I Explore Industrial Neurodiversity: Quality & Innovation in Cognitive Production Systems
QUALITY & INNOVATION BLOG
|Nicole is an Associate Professor in the Department of Integrated Science and Technology (ISAT) at James Madison University (JMU) in Harrisonburg, Virginia. She is a Fellow of the American Society for Quality (ASQ) and Editor-Elect of Software Quality Professional journal.
Her research finds ways to increase our ability to satisfy stated and implied needs now (quality) and in the future (innovation) in connected environments where people, machines, and processes may all have autonomous cognitive capabilities enhanced or mediated by technology (AI+IoT+VR+AR+DR) - especially through structured design methodologies. She is particularly interested in how autistic cognitive differences can inform design and catalyze innovation. This requires a blend of disciplinary perspectives that include quality management, smart manufacturing, neuroergonomics, software engineering, and data science.
She is ASQ Certified Six Sigma Black Belt (CSSBB) #11952 and ASQ Certified Manager of Quality and Organizational Excellence (CMQ/OE) #9583. Since 2009, she has introduced nearly 2000 students to quality and process improvement using basic quality tools and Six Sigma problem solving using the R Statistical Software.
|APRIL 2015, 536 pp|
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(first 200 pp)
CUrRENT PROJECTS (2016-2017)
What I'm working on right now:
Production Systems (PS) Sector - We're developing a new exploratory and interdisciplinary curriculum in ISAT to help students navigate modern production and operations environments that are becoming increasingly driven by Big Data, networked supply chains, and intelligent systems in the Internet of (macro, bio, and nano) Things (IoT). The program has sustainability, social responsibility, and quality management at its core, and addresses topics from all four Society of Manufacturing Engineers (SME) pillars of manufacturing engineering: 1) materials and manufacturing processes, 2) product and assembly engineering, 3) manufacturing systems and operations, and 4) quality and manufacturing competitiveness. All students will be prepared to sit for three certification exams: the American Society for Quality (ASQ) Certified Quality Improvement Associate (CQIA), the ASQ Certified Quality Process Analyst (CQPA), and the Association of Technology Management and Applied Engineering (ATMAE) Lean Six Sigma (LSS) Belts. Our first students start Fall 2016.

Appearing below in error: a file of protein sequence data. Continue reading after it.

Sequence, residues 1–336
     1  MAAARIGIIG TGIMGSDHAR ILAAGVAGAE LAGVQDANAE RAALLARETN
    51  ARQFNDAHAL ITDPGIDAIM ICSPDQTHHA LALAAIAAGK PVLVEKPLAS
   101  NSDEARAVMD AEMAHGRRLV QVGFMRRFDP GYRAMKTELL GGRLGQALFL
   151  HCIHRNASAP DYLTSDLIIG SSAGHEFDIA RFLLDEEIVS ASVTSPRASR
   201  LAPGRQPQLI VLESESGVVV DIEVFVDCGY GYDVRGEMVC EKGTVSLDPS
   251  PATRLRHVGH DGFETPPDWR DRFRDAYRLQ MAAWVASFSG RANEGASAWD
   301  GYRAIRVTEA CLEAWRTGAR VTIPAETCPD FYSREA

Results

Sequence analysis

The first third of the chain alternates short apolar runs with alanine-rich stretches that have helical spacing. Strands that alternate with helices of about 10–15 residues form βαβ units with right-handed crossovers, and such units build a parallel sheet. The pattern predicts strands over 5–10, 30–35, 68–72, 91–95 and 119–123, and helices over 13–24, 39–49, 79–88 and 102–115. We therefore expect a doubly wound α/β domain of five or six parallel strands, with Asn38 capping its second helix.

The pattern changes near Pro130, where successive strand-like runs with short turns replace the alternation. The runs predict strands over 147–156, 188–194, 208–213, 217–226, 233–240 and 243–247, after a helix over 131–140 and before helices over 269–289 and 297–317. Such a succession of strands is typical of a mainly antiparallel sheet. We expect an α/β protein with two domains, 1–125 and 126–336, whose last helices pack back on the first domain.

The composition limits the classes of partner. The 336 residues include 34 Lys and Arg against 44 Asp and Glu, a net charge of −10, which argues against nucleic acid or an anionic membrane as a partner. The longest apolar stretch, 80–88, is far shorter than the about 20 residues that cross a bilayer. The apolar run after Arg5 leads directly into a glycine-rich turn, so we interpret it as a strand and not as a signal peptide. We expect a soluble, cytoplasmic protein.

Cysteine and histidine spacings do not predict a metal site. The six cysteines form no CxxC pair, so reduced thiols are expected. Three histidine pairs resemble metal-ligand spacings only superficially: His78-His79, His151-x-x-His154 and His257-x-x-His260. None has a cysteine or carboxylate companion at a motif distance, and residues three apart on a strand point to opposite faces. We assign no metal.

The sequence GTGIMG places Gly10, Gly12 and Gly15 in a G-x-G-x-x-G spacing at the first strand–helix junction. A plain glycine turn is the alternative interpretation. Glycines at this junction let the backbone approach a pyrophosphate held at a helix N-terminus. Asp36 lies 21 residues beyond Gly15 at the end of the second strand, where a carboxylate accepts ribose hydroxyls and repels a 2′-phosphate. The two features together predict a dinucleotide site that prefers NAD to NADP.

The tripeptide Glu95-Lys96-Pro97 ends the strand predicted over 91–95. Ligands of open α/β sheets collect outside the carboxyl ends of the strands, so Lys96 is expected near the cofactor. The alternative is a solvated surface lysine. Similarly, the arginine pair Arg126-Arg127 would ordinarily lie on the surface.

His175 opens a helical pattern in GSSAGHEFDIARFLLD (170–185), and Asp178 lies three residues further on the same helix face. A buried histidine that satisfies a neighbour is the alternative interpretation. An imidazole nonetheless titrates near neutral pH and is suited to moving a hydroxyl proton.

Design for Neurodiversity (DfN*) - Autistic people experience the world in a fundamentally different way than neurotypical people, and in many ways, we think (and act) more like computers than humans. Whereas affective computing seeks to detect and identify affective-cognitive states and help computers become more emotionally intelligent, Design for Neurodiversity explores how designers, product engineers, and quality managers can create products, processes, and environments that provide robust sensory and cognitive support for autistic people. Because the neurodiversity movement considers autism to be a normal variation of human cognitive processes, this work can help designers and developers create physical and cyber-physical systems that more universally satisfy stakeholders' stated and implied (current and future) needs. (Here's a well curated list of all the autism and autism research conferences.)
Weather Analytics - I'm also a meteorologist who has lots of experience optimizing business processes based on the assessment and modeling of weather and climate for business decision-making. Based on a course that I've delivered since 2011 (ISAT 480 - Numerical Weather Prediction and Industrial Meteorology) my collaborator Jim Marusak and I are developing a curriculum to help data scientists and quality managers intelligently find and use weather and climate data, including forecast models, to enhance business decision-making and develop intelligent systems and Internet of Things (IoT) things that are responsive to weather.